This episode is sponsored by Bonterra. Bonterra is a social goods software company focused on powering those who power social impact with best in class fundraising engagement, program management, and CSR solutions. By bringing together intuitive technology and social impact expertise, Bonterra enables unmatched connectivity between organizations and their communities of supporters and constituents, ultimately creating more ways for social good organizations to maximize their impact. To learn more about selecting the right tech for your nonprofit, go to www.jcsocialmarketing.com/bonterra
“What kind of fundraiser do you want to be?”
Donor communications can be challenging when you have an over-packed schedule and very full plate of tasks. But infusing creativity and #donorlove into your interactions with donors will help you raise more money and deepen relationships for the long term.
In this episode, Creative Deviations author and Agents of Good founder John Lepp joins me to discuss creativity, donor appreciation, and how to maintain passion for the work after two decades of fundraising.
John Lepp, author of Creative Deviations, is a direct response, marketing and graphic design expert with almost 25 years of experience working with charities around the world to help them tell better stories and to inspire donors to give, both online and offline. He is a respected and coveted international speaker who has traveled the world helping fundraisers be more “human” and “vulnerable” to these other amazing humans we call donors.
Connect with John
About Julia Campbell, the host of the Nonprofit Nation podcast:
Named as a top thought leader by Forbes and BizTech Magazine, Julia Campbell (she/hers) is an author, coach, and speaker on a mission to make the digital world a better place.
She wrote her book, Storytelling in the Digital Age: A Guide for Nonprofits, as a roadmap for social change agents who want to build movements using engaging digital storytelling techniques. Her second book, How to Build and Mobilize a Social Media Community for Your Nonprofit, was published in 2020 as a call-to-arms for mission-driven organizations to use the power of social media to build movements.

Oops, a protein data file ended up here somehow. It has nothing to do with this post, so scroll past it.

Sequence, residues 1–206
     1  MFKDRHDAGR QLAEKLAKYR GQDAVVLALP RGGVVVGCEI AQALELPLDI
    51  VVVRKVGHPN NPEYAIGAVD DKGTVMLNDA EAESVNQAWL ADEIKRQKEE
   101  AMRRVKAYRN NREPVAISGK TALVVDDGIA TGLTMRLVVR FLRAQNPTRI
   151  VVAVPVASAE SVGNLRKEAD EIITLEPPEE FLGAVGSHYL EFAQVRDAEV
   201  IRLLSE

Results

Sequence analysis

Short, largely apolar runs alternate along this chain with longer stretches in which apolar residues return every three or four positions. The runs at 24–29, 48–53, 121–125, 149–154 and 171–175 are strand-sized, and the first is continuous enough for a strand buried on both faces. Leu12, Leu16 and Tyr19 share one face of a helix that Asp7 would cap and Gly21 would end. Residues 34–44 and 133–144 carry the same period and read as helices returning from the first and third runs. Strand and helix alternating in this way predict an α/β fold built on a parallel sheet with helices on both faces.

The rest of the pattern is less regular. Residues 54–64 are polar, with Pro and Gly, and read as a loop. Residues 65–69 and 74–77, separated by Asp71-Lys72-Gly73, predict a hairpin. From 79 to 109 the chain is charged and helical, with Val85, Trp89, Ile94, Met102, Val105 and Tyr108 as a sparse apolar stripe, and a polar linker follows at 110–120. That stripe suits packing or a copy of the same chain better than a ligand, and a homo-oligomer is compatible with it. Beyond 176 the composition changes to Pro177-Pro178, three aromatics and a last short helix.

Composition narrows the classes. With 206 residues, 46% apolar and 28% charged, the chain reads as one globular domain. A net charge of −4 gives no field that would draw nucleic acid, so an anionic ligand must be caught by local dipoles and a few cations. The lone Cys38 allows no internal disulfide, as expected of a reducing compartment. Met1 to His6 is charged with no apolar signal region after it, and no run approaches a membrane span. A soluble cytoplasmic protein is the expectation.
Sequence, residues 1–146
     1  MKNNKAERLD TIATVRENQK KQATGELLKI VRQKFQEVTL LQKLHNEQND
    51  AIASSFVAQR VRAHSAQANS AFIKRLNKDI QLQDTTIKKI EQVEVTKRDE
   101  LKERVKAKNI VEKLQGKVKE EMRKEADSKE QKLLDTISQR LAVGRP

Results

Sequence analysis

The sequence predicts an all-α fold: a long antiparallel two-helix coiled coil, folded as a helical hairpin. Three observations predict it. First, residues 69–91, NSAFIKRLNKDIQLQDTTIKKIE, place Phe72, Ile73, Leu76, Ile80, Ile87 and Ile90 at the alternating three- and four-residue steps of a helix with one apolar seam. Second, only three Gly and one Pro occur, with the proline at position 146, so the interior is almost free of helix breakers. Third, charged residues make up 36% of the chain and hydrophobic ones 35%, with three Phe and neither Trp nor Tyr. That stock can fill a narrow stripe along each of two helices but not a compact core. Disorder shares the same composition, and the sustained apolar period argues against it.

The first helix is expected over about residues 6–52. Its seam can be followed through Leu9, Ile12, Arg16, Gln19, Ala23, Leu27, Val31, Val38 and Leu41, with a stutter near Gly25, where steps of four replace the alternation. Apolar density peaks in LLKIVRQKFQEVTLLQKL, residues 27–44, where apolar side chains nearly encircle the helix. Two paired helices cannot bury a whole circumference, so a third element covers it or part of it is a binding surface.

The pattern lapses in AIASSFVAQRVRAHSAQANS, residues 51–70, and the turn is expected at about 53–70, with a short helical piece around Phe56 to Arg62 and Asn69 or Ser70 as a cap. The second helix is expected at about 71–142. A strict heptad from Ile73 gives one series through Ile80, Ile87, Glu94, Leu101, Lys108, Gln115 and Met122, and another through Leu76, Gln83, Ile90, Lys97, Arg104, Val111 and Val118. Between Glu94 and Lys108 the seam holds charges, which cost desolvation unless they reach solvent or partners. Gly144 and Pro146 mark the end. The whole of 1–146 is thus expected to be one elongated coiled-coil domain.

This episode is sponsored by Bontera. Bontera is a social goods software company focused on powering those who power social impact with best in class fundraising engagement, program management, and CSR solutions. By bringing together intuitive technology and social impact expertise, Bontera enables unmatched connectivity between organizations and their communities of supporters and constituents, ultimately creating more ways for social good organizations to maximize their impact. To learn more about selecting the right tech for your nonprofit, go to WW dot jcsocialmarketing.com Bontera. That's jcsocialmarketing.com B-O-N-T-E-R-R-A. Thanks and on to the episode. Hello and welcome to Nonprofit Nation. I'm your host, Julia Campbell, and I'm going to sit down with nonprofit, industry experts, fundraisers, marketers, and everyone in between to get real and discuss what it takes to build that movement that you've been dreaming of. I created the Nonprofit Nation podcast to share practical wisdom and strategies to help you confidently find your voice, definitively grow your audience, and effectively build your movement. If you're a nonprofit newbie or an experienced professional who's looking to get more visibility, reach more people, and create even more impact, then you're in the right place. Let's get started. Hi, everyone. Welcome back to Nonprofit nation. I'm your host, Julia Campbell. Thanks so much for being with me today. Today's topic is all about creativity, how to spark creativity, how to keep the creative juices flowing, and examples of creative fundraising campaigns from one of the world renowned fundraising experts I'm lucky to have with me today, John Lepp. A lot of you are very familiar with John. He's the author of Creative Deviations, and he's a direct response, marketing and graphic design expert with almost 25 years of experience working with charities around the world to help them tell better stories and to inspire donors to give both online and off. He's a respected and coveted international speaker, and we were just talking about all the incredible places that John is speaking this year who's traveled the world helping fundraisers be more human and vulnerable to these other amazing humans we call donors. I love that so much. John, welcome to the podcast. Thank you, Julia. That's very nice. I appreciate it. Thank you. Yes. And I got you in between one of your many international trips, speaking and teaching and training. So I'd love to hear just a little bit about your journey into nonprofit work and how kind of you got started in fundraising. The nutshell is I went to school for writing for journalism and was told. I was I don't think we talked about that. I was told I wasn't very good at so and I had to find something else to do. So I started doing design stuff. I jobped out of school, went into working some marketing agencies and pharmaceutical advertising agencies and then was freelancing for a firm in Toronto called Stephen Thomas, which does direct response fundraising. And then Steve, who owns the place, asked me to come work there. And then I was working there full time with all the account teams and worked with every primary charity you could think of in Canada and stuff. But Steve was so internationally connected with colleagues in the UK and the United States. So I got to learn as well from some of these other massive firms and gurus who people were producing really interesting direct response back in the whenever that was late 90s. So it was amazing. And your company is called Agents of Good, is that correct? Your co founder? Correct? Yes, Jen Love is my business partner and we started that in 2009. And then Jen, I put a ring on it and we went incorporated in 2013. Yeah, here we are, 2023 and still going strong. I love you. Put a ring on it. Incorporation. It is romantic. I mean, it's a pretty strong commitment. It's a thing, definitely a thing. So tell me about Agents of Good. What kind of work do you do with your clients? So Jenna and I both came. Both worked at Stephen Thomas. Jenna's an account manager and writer, me as a designer and creative director. And so her and I both sort of worked and collaborated together when we were there at St and then a separately we both left. We continued to collaborate and it's not uncommon to have a really good in the marketing world or advertising world, to have a good, strong design and writer team pumping out concepts and ideas. So we just worked really well together. And she's brilliant. Anyone's heard? Jen lovespeak. She's inspiring, she's thoughtful, she's emotional. So her and I are a really nice natural couple, if you will. We just really wanted to kind of change the world together and we found some clients and started working together on them and we've just sort of grown with it. It's been a fantastic relationship. Like every relationship, our relationships change. We don't collaborate the way we used to collaborate and stuff, but we're still doing work with amazing creative folks. So we work with charities really all around the world. Some we're coaching just them through appeals or their annual work. We do a lot of one off specialty projects like Gratitude Reports. A lot of people know us for. We run annual programs. So full direct response campaigns month over month, year over year for some charities. So it just depends on what charities are looking for and what they need. Thank you for that. I love that there's this partnership and has lasted for so long and both of you are just so well known throughout the sector. I know that I've heard your names and been on your summits and collaborated with you myself. So I appreciate everything you do for the sector. And I guess the next real step was to write this book, which people are absolutely raving about. I first heard about it from Tim Saranio, who was absolutely just thrilled with it, talking about it on LinkedIn. So the book's called Creative Deviations how you can infuse your storytelling, fundraising and direct response with more creativity. So what inspired you to write this book? There's a book called Asking Properly by a fellow named George Smith. It was written back in 1995. George was a UK fundraiser. And I read it, I think, early days of my career. And then I think sat down on a dock at a summer vacation, like five years ago or six years ago and reread it. And I was like so much of the things I believe to be true today came from this book because they were taught to me by my mentors and people I worked with, because they also read the book and believed a lot of these things. And he just talked. One of the phrases in the book is he's like that the merest pioneering these days can have a monumental change. And he was saying that 1995. And I see that in our work all the time. I look at donors mailboxes and I can see that people are afraid to just do a little pioneering. Everyone wants to stay in a safe space because pioneering is scary, it's unknown, and being creative is a bit of an unknown. You don't know how people are going to take it, judge it, judge you, how they can react to it. And unfortunately, we do work in a sector that really is afraid to be a little more in touch and touchy feely with the work they're doing every day. So you say in your bio, which I really love, you want to help fundraisers be more human and vulnerable and especially to these amazing humans, these other humans that we call donors. Do you think that donor communications, we suffer from this lack of vulnerability and we forget that there are actual humans on the other end of these communications? It's easy to call them data. Do you what know? I mean, like, everyone wants to talk. About they're live buns and side buns. That's just a disconnect from what they actually are, which is real human beings that are like our loved ones and people who are doing a lot of amazing things. Maybe not splashing out tons of cash, but like I said, you have to measure your donors, not how much money they have in their wallets, because that's what I'm thinking of. I'm not thinking about how big Dale's wallet is. I only care about how she feels when she goes to her mailbox every day and what I want her to experience. So I want to stay connected and true to her, what she deserves from me. As I do my work with my organization that I'm doing work with, I have a responsibility there to let her do what she wants to do, which is give $50 to change something to make her feel really good about it. Because she's an amazing human who does a lot of good for lots of people. That's my responsibility. I have to make sure that I am seeing her for the human that she actually is. And that's a lot of hard work. Just like we do in our real lives with our spouses or whoever. If we just kind of, like, checkboxed our way through our relationship with them, no one would stick around very long. This isn't a checkbox exercise, but so much of we're taught to be process oriented in schools and stuff. So there's a lot of things at Play. It's like creativity. People talk about creativity and people say, well, I can never do what you do because you're so creative and I'm not. And I'm like, we're all born creative, though. We're all born creative. So we just have to retap into that because that sort of smacked out of us as we go through some of these systems that are around us. And the world teaches us. Being creative means you're standing out, you're stepping online, and the world doesn't want you to step out of line. You need to stay in line to make the world work. So there's lots of little dynamics at Play that make us who we are in our professional careers that just have to be acknowledged. But it is scary to be creative. I agree. How do we tap into our creativity? If you're one of these people that says, and I hear this a lot, I'm not an inherently creative person, I can't be creative, what would your advice be? Well, sometimes I'd start with an like, well, just we'll just do a simple exercise. And the exercise one of them is like, let's say you're working at a charity and we're going to get Santa Claus to write your next appeal. So if you want have a glass of mind, do whatever you would, relax you. No one's going to read it, no one's going to see it, no one's going to judge you for it. And what would Santa Claus say in this appeal letter? What would sound like, what would he ask for? Would he be happy, would be angry? What would he talk about? And just doing that exercise can take you to a space because Santa Claus changes your voice, changes perspective on how he talks about what the problem is and how donors may be part of the solution. And it just takes you to a place where it's like, I don't need to use my ed all the time. So we play with voices in our work. I want to use anything I have my disposal because it makes the story more interesting as soon as I change the perspective. So tapping into that little creative exercise can get people going, oh, I can see how this becomes a little more light, becomes a little more fun, becomes a little more serious, like we had. I used Santa Claus to do an appeal for the lung association. He just stopped smoking. He was an advocate for the lung association. How they helped him and his recovery from being a smoker. Was it like, really was written from Santa? Yes. Well, it wasn't Santa, it was us. But yes, it was. I personally believe in Santa for all those. So you wrote it from the perspective of Santa and sent. We used Santa. I've used Santa a couple of times. He used it for an organization called CARC, which is awful to say. CARC stands for the canadian Arctic resource Committee. They basically help caribou survive in the north. And so we had Santa writing a. Very angry letter to write that one. Yes, he did. Very angry. These tankers were blowing up on his shores. His caribou and his reindeer were getting sick, and he was pissed off and he had a very angry tone. In this appeal letter, the client was like, not a chance. Our donors are scientists. They're smart, intelligent people. My old mentor, David Love. Jen's. Dad, actually I don't know who he bribed, but we got this appeal into the mail and raised a ton of money. So it's scary to do that organizationally. When you take those, it's not a risk. You're not going to break anything if you commit to it. Donors are there for the ride. They're happy to give with a smile on their face or kind of move into something going, wow, this is very different than what I expected from this organization. But to you, to us, it's scary to do that, because our boss like, what the f are you doing up in Know? Or what are you like, or this is dumb, or this juvenile or this cheesy all the time. Yeah, exactly. So how do you fight those? Not even just the lizard brain, seth Godin calls it in ourselves that says we shouldn't do something different. We have to stick to the status quo. But how do you fight those voices on the board and on your team, maybe, or your executive director that says, this is not our brand voice. We need to use our brand voice, or this is not on brand for us. We can't deviate from the mean. If I can figure out the simple answer to that question, Julia, I can retire. Because it's so prevalent in our mean. I work with organizations who branding marketing comms are approving fundraising, which is a problem because in fundraising, we need to raise money in marketing. If you get someone an impression on something, that's your metric for success. So I love marketing comms folks. The book actually is for marketing comms folks, not fundraisers, because I find a lot of marketing comm folks don't know marketing. So I know for as a business point of view, when people come and ask us to do work for them, I have to vet them properly. How did you hear about us? What do you know about us? What have you seen about us, because I have to make sure there's a level of trust in whatever I'm going to do. I don't want to do all this work and energy and have someone go, well, my boss doesn't like this. I didn't ask your boss if he likes it. What he likes isn't my problem, actually. I have to do and everything I do comes from a place of it's been tried and tested and works. If our work didn't raise a lot of money, I wouldn't be sitting here talking to you right now. Exactly. I agree with you that if I had the answer to that question, I could also retire. Because pushing people out of their comfort zone, especially with a lot of what I do in social media marketing and digital marketing, that's what I try to do. Because that's what you have to do to get attention. You don't have to be manipulative and you don't have to be provocative for provocative sake, but you can't be boring. You have to do something interesting. So I actually really love those two examples. So, in terms of storytelling, what would your advice be? Like, how can we collect more creative and engaging stories? Well, the stories are mean. The inspiration is know, my partner Rachel and I talk about this all the time because she's a writer. And it starts from that process of actually having a conversation from a motive, thoughtful, emotionally intelligent human to another, and creating safe space where you can have an open, emotive conversation. We all know we go out with colleagues and friends for beers or whatever we do and stuff. And you can make a choice to be a vulnerable, authentic human in that conversation. Talk about your mental health challenges, talk about what your kids are doing and how horrifying it is, and we can do that, or we can just go, no, my day is good. No, everything is perfect. No, my kids are amazing and have great teeth. I mean, that's a choice you can make in your work. It starts all the way up and down the line. Like, I talk about the thousand things in this work. There's not a thing you can do to all of sudden A, unlock your program and raise a ton more money. You need to be obsessive around all the thousand little moving pieces of how you have to show up, of the questions you ask, of how you give permission to others by your actions and your speak to also do the same thing. I'm playing with this idea of this chef's mindset when cooking. I'm a cook. You can't not pay attention. You have to be tasting, you have to be trying it to make sure that ingredient is perfect, that you have to make sure you've got the right equipment, everything. You have to pay attention all the way along. You can't just like half teaspoon of this half and the oven and call it a day. Do you know what I mean? You have to pay attention. And a lot of people in this work don't want to spend the time and energy to pay attention because it's tiring. It's so much as you know, Juliet, there's so much work. It's not for someone who just wants to take it easy forever and ever. So it's exhausting. It's tiring to be an emotional human being, to be vulnerable, to show up that way all the time, it's exhausting. And I say to my other friends who are like me, it takes a toll. This is taking a toll on all of us to be that way. But I can't imagine being living through life any other way than being who I am and also giving permission for other people to be just it's okay. Let's just be not judging anyone. Let's just share who we are and giving each other permission to show up as our truest version of ourselves and do the best we can, help each other do the best work we can. Easier said than done. Because I don't know about you, I feel like some days I'm working with a lot of robots. Yeah. And now with Generative AI. I know the AI gods. How do you feel about it? I think I could tell that's kind of an open ended question. Do you think that Generative AI like Chat, GPT or Bard, which I'm pretty fascinated with, but do you think that it's going to result in less creativity or more creativity? I don't know. To me, it's another shiny object that people are looking at. I mean, it's too easy for me to sit here and dismiss it as something. It's a new tool, like Jeff Brooks says, it still depends on what you put into it. You get out of it. Garbage in garbage know that will never change. So people get lost in some of these new, you know, the bottom line. We talked before we got on the call about my mother in law. Dale is her name, her mail and stuff. She's still not getting the very basics I went through in one full year of her mails. Tell me how it started and tell me the purpose behind it and what you do for people that are not familiar with Dale's mail. Dale is your donor. She is everyone's donor. She gives to 30 to 40 organizations through the year.$50 here, $75 here. How about here? She's a monthly donor to, like, five or six other charities. She's my mother in law. She, for years, has been keeping all of her mail and gives it to me to go through because she knows I like doing that because I'm strange. As time's gone on, she's writing a lot more notes to me all the time on what she liked about this. What about this? Or this was missing this or I really like this little thing. And so for me, it's a little petri dish of one donor. And she is a typical donor. So in Canada, she'll get between 30 to 40 appeals in a week. If she's your donor in the US, she's getting 30 to 40 a day. I'm talking like in October, November, she's getting a lot of mail. So you have to know that you can't go, wow, here's my special little baby I'm going to put into the world. Guess what? Your little baby is not that cool when it's coming in with a ton of other cute little babies. So you have to understand what all the cute babies look like to figure, I'm going to lose that analogy to figure out what to do differently. So she'll actually stop and look at it. So going through all her mail, she got in all that mail, she gives me everything. She only got one thank you card. And the thank you card that she got was at Thanksgiving, and it was purely a digital, like the digital handwriting, and somebody crossed off Dear, her last name. And the digitally wrote in Dear Dale, but it was all digital. But she was so moved by this thank you card, which she never gets from anybody, that she on the outside wrote like, this charity is going to my top four charities that I'm giving to you from here on. I just don't even know how many times we can say this. So forget about AI, forget about actually. Forget about Chat GBT, send a thank you note. Pal Frankie, who works at UNICEF in Italy, he ran the donor love department at UNICEF in Italy. He tested everything. He found he only had to do two things. Two things he had to do. One, he has do a phone call on the anniversary of a gift or like on a birthday or something, and a handwritten thank you card within 48 hours of getting a gift from a donor. Those two things, we saw 30% increase in their retention and a 50% increase in the lifetime value. And I've stood, Julia, just like you, on many stages in many different cities and places around the world, and I've said, who in this room? Tell me cannot do a call, a telephone call, in a simple thank you card? Of course no one's going to put their hand up. Why is no one doing it? Why is a sector we make a decision to not do these two low tech, simple things because we're afraid to make that phone call and get hung up on or be told to go F ourselves. And why are we bothering this person so much? It comes from our own personal fear. That's why we're not doing it. It's easier to play with AI and call them data rather than donors because it's removed. No one's going to judge us. We don't need to be vulnerable working with these things. But to do a thank you card, we do so make the choice. What kind of fundraiser do you want to be? Wow, I love that the gauntlet is thrown. What kind of fundraiser do you want to be? So I'm just so fascinated with sales mail because I watch the videos on TikTok, talk about also a creative way to communicate. If we're talking about creativity, your TikTok channel is a creative way to get the message across because it's very visual. Because obviously you just telling me about Dale's mail is not nearly as compelling as when you actually and I want everyone to go watch these videos when you go through the mail and you show people the actual envelopes and the letters and everything else. So what really has stood out to you as maybe one of the more creative pieces of mail that Dale has received or maybe a more creative example that you have seen in the past couple of years? Dale gives mostly to health organizations. She has a couple environmentals on her list, but she kind of dabbles in the diabetes, heart and strokes like hospitals. That's her jam. That's where she likes to get to. So most of the mail that she gets most of the time is it kind of follows the same sorts of rules. I don't see anything very outstanding. Again, it's the small things that stand out to me when someone actually sends her an envelope with a stamp on it, a first class stamp, or wrote her name on something. But again, I don't see a lot of that either. So I'm kind of looking through a mail from a trends point of view. It's funny to me that in mostly August she got a whole bunch of nine x twelve packs, all from the bigger charities, all with Christmas cards and wrapping paper and bows and all the things, and that mail goes down like this. And then all of a sudden in October, November the stack gets really big. December drops down to nothing. These are things I know, I know that's what people are doing, but I know it because I work with lots of different charities. But if you're working at charity, again, you kind of have to know that too and know that that stack that she got in November, 80 or 90% of it all are like these kinds of number ten envelopes. So again, it's just like I don't see a lot in her mailbox. Like I said, that's why I pointed that thank you card because that's her normal experience. I've all the time through the years just ask her, have you seen anything, has anyone called you? Have you gotten anything that's made this charity stand out in your mind more than any others? Her answer typically is no, nothing. And she gives just because it makes her feel good and she does feel good about herself. But we don't do a very good job at reflecting her goodness back on her. Because if I can do that as a fundraiser. If I can make her feel seen and thanked soon after getting a gift, she's primed to be asked again. Behavioral science suggests that I can ask her again as soon as possible. I don't have to wait three months because the schedule tells me to wait three months. She's primed to be asked again and I better be asking her again because she wants to do it. So again, it's just another behavioral science is a whole other thing. Like, humans are conditioned to do certain things and you have to know what those things are. And I use those things in my work to make donors give and give more often, but you have to know what they are. I think it's so interesting that in this conversation about being creative, really, the simple things are what matters. That phone call and that thank you note or even just simple acknowledgment of the gift goes miles goes such a long way. So when you hear from organizations that say, well, we only send out two appeals a year, we don't want to bother our donors, we don't do a donor newsletter. It's sort of like you said, the mindset of we don't want to bother our donors. What is your response to that? If that's how you're approaching your work, then you probably are bothering them. I mean, they're probably not seeing your stuff anyways if you're only sending two mailings. We blame so much on our donors all the time. Like the whole idea of donor fatigue for ages was like, donors aren'tired of giving, they're tired of getting your shitty appeals. That's a you problem, that's not a them problem. Why are we blaming what they don't do on them? So again, all this sort of dismissive talk and thinking needs to go away. The responsibility is ours to create thoughtful appeals. I'm spending the time to think about what is the problem that I have as a charity today? How am I expressing that problem to this donor in a way that I'm creating a solvable problem that they can solve? Whether they're $50 donor or$500,000 donor. Can I be explicit in what do I want them to do and is it urgent? I always talk to people. This work needs to be a bit breathless. We spend oodles of time thinking about our next ask. We spend no time on thinking about how are we thanking these donors or showing them the impacts of giving. But we also spend time just sitting around looking at one appeal for three months. And like 5000 people approving this thing. There's no urgency there. There's no inherent breathlessness which should be there. There should be signs of that in this work. It always creates more effective, direct response. So I lean into these things as truth because I've done them over and over again and I've seen them done over and over again and they always raise a lot more money. But. It bothers me that you and I both go to a lot of conferences and I've had people tell me that in fact the only thing they can do that no one else has to approve is gratitude. And then bosses are going, yeah, our program is doing great. It's only doing great because she took all the time to do what need to get done, which is thank these donors in a human way. A lot of things are broken and I'm hoping that we're course correcting. I'm hoping we're course correcting. How do you stay inspired and keep the creativity flowing? I like to travel and I like to get out into nature and I like to talk about this nerdy craft that I get to work on with my colleagues and friends and listen to the strange things that they're trying. And I'm very gracious for the people that I surround myself with who are also kind of get a bit fired up and arm wavy about some of this work. Their work and thoughtfulness gets me fired up and stuff. I'm inspired by donors like Dale who keep giving regardless of how crappy we treat her and her own pursuit for her own personal betterment. She sees herself as an amazing human and she is an amazing human. And stuff that inspires me. That's a responsibility I have in my work and the responsibility I place on my colleagues and our clients that I know a lot of them do not like. But our job is important and it's a privilege to do this work, to tell these stories, to listen to Dale's stories. I couldn't imagine doing anything else. So all that inspires me and I love the basics, I love the simplicities and the fundamentals of direct response and direct marketing. And a lot of people have just sort of lost connection with them. So I like to share them and talk about them. It's great. It's 2023 and I talk about stamps and paperclips and that sort of thing. And people find that paperclips engaging like paperclips. Paperclips machines don't use paperclips because they will make a mess of the machinery and stuff, but humans do. So it's a small stamps on angle. There's small little things that suggest to humans that another human sat down and made this thing just for you. So it's such a low tech, like, who wants to talk about paperclips? But people pay me a lot of money to stand on stage to talk about paperclips. It's really fascinating to me. It's funny and hilarious. Great, though. It's just something we don't it's great about. I know, yeah. It's absolutely something that is like you just said, it's just a signal. It's a signal that a human worked on this or it's a signal that a person thought about this or did this. So I think that's really important because what I talk about, of course, I talk about digital marketing a lot and it's really difficult to infuse humanity into email appeals and especially social media appeals. So for me, I always talk about using video or creating personalized video or personalizing things as much as you can, using analog things like thank you notes and calls in the ecosystem of how you're communicating with donors. Because it has to be an ecosystem. It can't just be like one way. So I always think about in the digital world, how can we be more human? Because especially with the rise of AI, with the popularity and the proliferation, I think that the only way we can stand out is putting our fingerprints on things and putting our unique stamp on things, if you will. Because humans are imperfect. I think that we're conditioned to notice imperfections. In my writing, I do a lot of basically all of our emails. I just developed a welcome series finally after all this time, as part of that ecosystem, if you will, and stuff. But I'm comfortable with my voice, the way I'm speaking. I write and it comes through a little bit more polished. But even my book is written at a grade five reading level. It's got a nice big type. It has truncated sentences, not always incomplete thoughts, but I move through things very quickly. It does sound very conversational. This stuff I'm asking my clients to do in their work all the time, and it makes for an engaging read. So this is I don't know how many page book and stuff like that. It's an engaging read. And I wrote it because I really want to empower other people to be creative in their work. It's going to be okay. And I've been beyond moved at the feedback I've gotten from people who've picked it up and have read it and are sending me what they've done with it. Like, here's what I created out of this, and what do you think about this? And I'm beyond validated as a human. I feel like I'm very blessed to get this from people. So being human, Julia, is the pathway. Being imperfect is the pathway to greater, more successful, more money raising fundraising online or offline. That's the bottom line. I love that. So one last question while I have you here. We talked about the basics, right? You have to have the basics down before you can really flourish and do anything else. If you're not thanking your donors, if you are sending it to dear friend, or if you don't actually know who they are and you're just looking at them as data, you need to have the basics down first. But what do you see as sort of the future of fundraising? Do you see any trends on the horizon? What do you see going on? Maybe I don't want to say post pandemic, but pandemic adjacent maybe. Or as we're escaping the pandemic, hopefully. I think all the bars on lots of levels are still very low. So anyone who wants to lean into the fundamentals. One of the biggest things to talk about is your list. Every new client I do coaching with, I'm like, where did this list of humans, where do they come from? Who are they? What do they give to? What do they care about? And often people don't even know where the list came. Know, even with technology, we're spending money and time on using TikTok or using Facebook and using some of these other channels to engage with lists that we've either paid for or whatever and stuff. But the problem in our sector first, I don't know what the best way to describe it, but having your own data that is yours and you know where you got it from, that you own, that isn't owned by someone else is going to be massive because these channels are coming and going and disappearing and changing their rules and yeah, like, you know, it you could lose half your audience if that's where they are overnight. So I think list is always going to be direct response 101 from the very day it started thousands of years ago. Who you're talking to, if they don't care about the thing you want to talk about, then whatever it is, is dead. So list is 101, the most important thing. And same with just offering, what are you asking for? You need to have that crystal clarity on what you're asking someone for and why I should care about this thing right now and hopefully I will do it. So these are simple things. People don't know how to craft a good offer. This is stuff they have not been talking about for a long time. So I love my friends and colleagues. Everyone who's listening to this, I'm sure I know is working extremely hard. It's very easy for me to sit here in this beautiful sunlit spot in Vancouver, BC and talk about these things. I'm not dismissing anything or the energy and effort people are putting into their work. I'm just saying just be aware there are lots of simple things you can do that might feel a bit scary and awkward, but you would transfer your program overnight because we do them all the time. So I don't worry about the latest and greatest shiny object. I'm fascinated by it as someone who loves technology and that sort of thing, but it has little no place in my work that I have to do with my clients every day. Get your offer down. Because I always tell my clients, if you don't have that offer, if you don't have that compelling ask, it doesn't matter what you're using to spray it out in the world, it doesn't matter what you're using to disseminate it. Because if it's not interesting, compelling, like you said, if you're not a little breathless, that's so fantastic. I'm going to take that to my clients. If there's no yeah. The practical example is people are like, what do you mean by offer ask? The practical example I use is give us $7 now or the dog gets it. So it's a practical example that you need a version of that in your work. The reason why it's a classic example is because it's clear on what the problem is, which is the dog is going to get it. It tells you what the solution is, which is your $7. We'll make sure the dog doesn't get it. It tells you what we need you to do, which is we need you to give us $7 and it is urgent if we don't get it, dogs, right? And so every single fundraising piece you send out has to have a version of that. And people tell me all the time, give me all these excuses why they can't do that. I would give you create a version of excuses. I want to play devil's advocate. What if it's an academic or like an advocacy organization, do you know what I mean? For $7, I'm thinking of quite a few of my clients. I just don't know. I mean, we could probably work on it, but it's hard to does it have to a smaller amount or what do you recommend? Well, no, because that's where the donor sizable problem comes into play. Because again, if I'm a$700,000 donor, I can solve that. This makes no sense to me. So you have to think about how does it offer change and stuff. Sometimes it's a program, sometimes there's a key individual that having their cost certain amount. Sometimes it's just certain equipment. It can be all different kinds of things. It's not about designation. People run away because they're like, well, if I get $7, I have to use it on the dog. Well, you don't because if you're a hospital, you're fundraising for lots of things. If you're an institution, an educational institution, you're raising money for lots of things. But you have to have something that understand what my money is doing, the impact it has. So again, that's why I say this is a bit of a you problem. I know again, I hear people like, oh, you can't do that. I'm like, okay, then you won't make any money because just like salt in cooking, the offer is your salt in fundraising. If you don't have it, your peel is bland, it's boring, and no one wants to take another bite, they're done. I really like that you're saying this is not the donor's problem. This is our problem and this is our problem as fundraisers and communicators and this is our job. We have to figure this out if we're going to have sustainable revenue streams and if we're going to pull heartstrings and change hearts and minds and do all the great work that we're doing in this world. So I really like that pushback because of course, I do storytelling work and people are always telling me, well, we don't have stories we can't tell stories, we can't share stories, we can't craft stories and that really is like, no, but you can, you just won't. Is it a will or won't? Is it a can or can't? The work is hard and we're not going to do it. Or is it the work is hard and we are willing to take baby steps and see what can be done. So that's really powerful. I would love to hear you speak, so I'm going to come and listen to you speak and I'm just going to stand up and applaud for all of this. But it goes back to that question and I think this is what we'll end know. What kind of fundraiser do you want to be? I think that's just a great question to end on and for people to really think about. So, John, where can we find the book? Where can we learn more about you? How can people work with you? You can find me on Twitter at john LEP or email firstname.lastname@example.org. The book you can find on Amazon, any Amazon around the world, it's available. Yes, it's printed here in Canada, but if you buy on Amazon, they'll do print on demand and send it to you within two days. What else can I tell you? Apparently I'm on TikTok. Doing TikToks to mostly Tim. Most of the time I'm pretty findable and reachable. I'm not hard to find. Okay, I'll put all of that in the show notes. Okay. Thank you so much for being here today and being vulnerable and open and human, sharing all of your wonderful expertise with my audience. I really appreciate it. So thanks so much. I appreciate you too, Julia. Thank you so much. Have a great day. I'm going to see you in a couple of weeks. Well, hey there. I wanted to say thank you for tuning into my show and for listening all the way to the end. If you really enjoyed today's conversation, make sure to subscribe to the show in your favorite podcast app and you'll get new episodes downloaded as soon as they come out. I would love if you left me a rating or review because this tells other people that my podcast is worth listening to and then me and my guests can reach even more earbuds and create even more impact. So that's pretty much it. I'll be back soon with a brand new episode, but until then you can find me on Instagram at Julia Campbell. Seven. Seven. Keep changing the world, you nonprofit unicorn.